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Case Study: Glucose Toxicity: Type 1 or Type 2?

J.S. is a 39-year-old male truck driver who presented to the emergency room (ER) on a Friday night complaining of polyuria, polydipsia, and fatigue of 2 weeks’ duration. He also reported a 15- to 20-lb. weight loss over the past 1-2 months. He denied any antecedent acute illness and had not been diagnosed with any chronic medical conditions. He had no known allergies and was taking no medications.

The patient’s mother died at age 75 with Alzheimer’s disease and alcoholic cirrhosis. His father died from prostate cancer at age 79. There was no family history of diabetes, hypertension, or heart disease. He reported smoking a half-pack of cigarettes per day, drinking 1-2 beers nightly, and bingeing with two 12 packs of beer on most weekends.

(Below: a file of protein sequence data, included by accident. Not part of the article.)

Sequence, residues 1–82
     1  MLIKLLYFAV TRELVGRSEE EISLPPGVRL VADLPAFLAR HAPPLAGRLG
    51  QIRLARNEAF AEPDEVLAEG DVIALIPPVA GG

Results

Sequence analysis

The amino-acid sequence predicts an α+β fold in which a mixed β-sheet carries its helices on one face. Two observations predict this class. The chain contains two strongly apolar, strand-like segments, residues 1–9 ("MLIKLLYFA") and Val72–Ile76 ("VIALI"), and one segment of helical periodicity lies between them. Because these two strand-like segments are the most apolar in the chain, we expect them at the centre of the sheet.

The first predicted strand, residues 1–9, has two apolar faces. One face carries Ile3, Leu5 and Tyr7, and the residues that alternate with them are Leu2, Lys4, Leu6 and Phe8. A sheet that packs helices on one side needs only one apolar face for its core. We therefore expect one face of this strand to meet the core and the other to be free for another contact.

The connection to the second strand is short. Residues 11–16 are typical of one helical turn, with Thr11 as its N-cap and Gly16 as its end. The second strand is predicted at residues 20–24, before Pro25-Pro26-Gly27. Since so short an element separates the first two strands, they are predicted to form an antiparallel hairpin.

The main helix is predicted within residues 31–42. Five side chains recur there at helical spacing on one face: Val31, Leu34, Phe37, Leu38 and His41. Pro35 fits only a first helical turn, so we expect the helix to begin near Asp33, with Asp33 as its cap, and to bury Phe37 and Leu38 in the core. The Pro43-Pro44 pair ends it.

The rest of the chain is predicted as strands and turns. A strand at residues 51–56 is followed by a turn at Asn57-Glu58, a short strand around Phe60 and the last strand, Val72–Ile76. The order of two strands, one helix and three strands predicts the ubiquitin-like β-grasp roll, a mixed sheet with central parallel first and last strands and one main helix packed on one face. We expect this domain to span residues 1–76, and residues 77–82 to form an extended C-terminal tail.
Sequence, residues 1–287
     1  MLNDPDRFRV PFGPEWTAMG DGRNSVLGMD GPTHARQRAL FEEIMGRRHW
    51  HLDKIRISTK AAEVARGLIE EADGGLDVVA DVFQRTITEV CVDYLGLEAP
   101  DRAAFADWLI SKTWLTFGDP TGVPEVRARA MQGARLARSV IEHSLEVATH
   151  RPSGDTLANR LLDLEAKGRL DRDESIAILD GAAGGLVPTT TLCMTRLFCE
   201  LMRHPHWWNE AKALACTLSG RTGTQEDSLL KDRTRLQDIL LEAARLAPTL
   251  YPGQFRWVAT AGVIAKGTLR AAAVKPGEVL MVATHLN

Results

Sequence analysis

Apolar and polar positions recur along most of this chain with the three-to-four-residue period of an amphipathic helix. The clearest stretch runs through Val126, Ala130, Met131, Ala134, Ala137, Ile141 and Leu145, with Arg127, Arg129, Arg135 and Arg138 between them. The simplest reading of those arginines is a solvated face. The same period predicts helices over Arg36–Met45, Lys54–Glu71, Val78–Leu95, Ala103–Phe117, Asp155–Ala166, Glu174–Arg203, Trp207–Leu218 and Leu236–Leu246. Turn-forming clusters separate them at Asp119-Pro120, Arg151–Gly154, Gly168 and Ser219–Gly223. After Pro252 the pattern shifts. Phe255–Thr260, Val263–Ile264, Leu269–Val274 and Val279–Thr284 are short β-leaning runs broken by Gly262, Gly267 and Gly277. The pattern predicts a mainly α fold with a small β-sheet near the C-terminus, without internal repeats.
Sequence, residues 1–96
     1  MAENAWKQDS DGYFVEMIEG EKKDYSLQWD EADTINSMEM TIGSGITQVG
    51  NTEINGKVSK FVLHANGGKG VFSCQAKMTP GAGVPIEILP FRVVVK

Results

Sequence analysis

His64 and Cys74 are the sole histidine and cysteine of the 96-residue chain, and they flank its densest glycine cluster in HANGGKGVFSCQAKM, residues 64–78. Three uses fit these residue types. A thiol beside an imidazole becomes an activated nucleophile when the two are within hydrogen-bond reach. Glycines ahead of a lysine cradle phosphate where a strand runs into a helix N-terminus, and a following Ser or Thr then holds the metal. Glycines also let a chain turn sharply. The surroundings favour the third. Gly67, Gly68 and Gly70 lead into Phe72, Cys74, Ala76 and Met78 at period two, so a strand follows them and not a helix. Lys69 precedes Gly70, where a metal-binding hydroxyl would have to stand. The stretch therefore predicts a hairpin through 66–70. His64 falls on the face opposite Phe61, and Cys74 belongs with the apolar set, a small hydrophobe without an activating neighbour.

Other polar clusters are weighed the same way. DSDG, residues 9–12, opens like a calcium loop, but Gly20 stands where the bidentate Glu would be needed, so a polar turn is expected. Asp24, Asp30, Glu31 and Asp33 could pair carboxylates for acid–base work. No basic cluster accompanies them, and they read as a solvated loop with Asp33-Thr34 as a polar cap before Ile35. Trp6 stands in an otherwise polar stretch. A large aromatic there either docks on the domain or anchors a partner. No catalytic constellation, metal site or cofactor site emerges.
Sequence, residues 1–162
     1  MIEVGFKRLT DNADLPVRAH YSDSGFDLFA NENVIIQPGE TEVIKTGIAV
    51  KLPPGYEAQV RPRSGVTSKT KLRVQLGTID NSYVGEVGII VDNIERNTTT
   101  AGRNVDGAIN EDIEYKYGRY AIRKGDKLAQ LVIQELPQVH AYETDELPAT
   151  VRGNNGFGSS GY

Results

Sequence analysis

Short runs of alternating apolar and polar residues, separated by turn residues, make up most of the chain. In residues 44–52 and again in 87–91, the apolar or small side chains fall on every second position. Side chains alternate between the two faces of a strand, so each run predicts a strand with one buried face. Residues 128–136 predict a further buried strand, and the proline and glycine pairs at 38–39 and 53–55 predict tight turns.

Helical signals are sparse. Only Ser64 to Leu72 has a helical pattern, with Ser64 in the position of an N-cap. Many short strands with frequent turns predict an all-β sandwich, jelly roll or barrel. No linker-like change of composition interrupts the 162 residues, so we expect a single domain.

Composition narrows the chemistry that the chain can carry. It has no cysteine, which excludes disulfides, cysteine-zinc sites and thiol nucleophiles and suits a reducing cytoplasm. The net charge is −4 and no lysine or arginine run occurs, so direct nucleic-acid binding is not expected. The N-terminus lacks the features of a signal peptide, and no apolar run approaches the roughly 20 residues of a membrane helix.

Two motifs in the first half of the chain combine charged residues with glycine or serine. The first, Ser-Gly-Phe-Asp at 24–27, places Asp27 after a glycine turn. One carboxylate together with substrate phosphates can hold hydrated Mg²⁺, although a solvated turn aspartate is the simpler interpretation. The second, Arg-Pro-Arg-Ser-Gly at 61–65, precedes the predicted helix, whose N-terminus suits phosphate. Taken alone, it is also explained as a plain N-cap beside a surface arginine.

J.S. weighed 228 lb. (104 kg) and is 5′11″ in height. His BMI is, therefore, 32 kg/m2. He was afebrile, and his blood pressure was 132/82 mmHg. His physical exam was remarkable only for signs of mild dehydration.

The patient’s serum test results were as follows: glucose, 682 mg/dl; sodium, 131mEq/l; potassium, 3.6 mEq/l; CO2, 25 mEq/l; creatinine, 1.4 mg/dl; ketones, negative; and hemoglobin A1c (A1C), 11.7% His hepatic chemistries were normal. Urine ketones were 40 mg/dl, and urine glucose was > 1,000 mg/dl.

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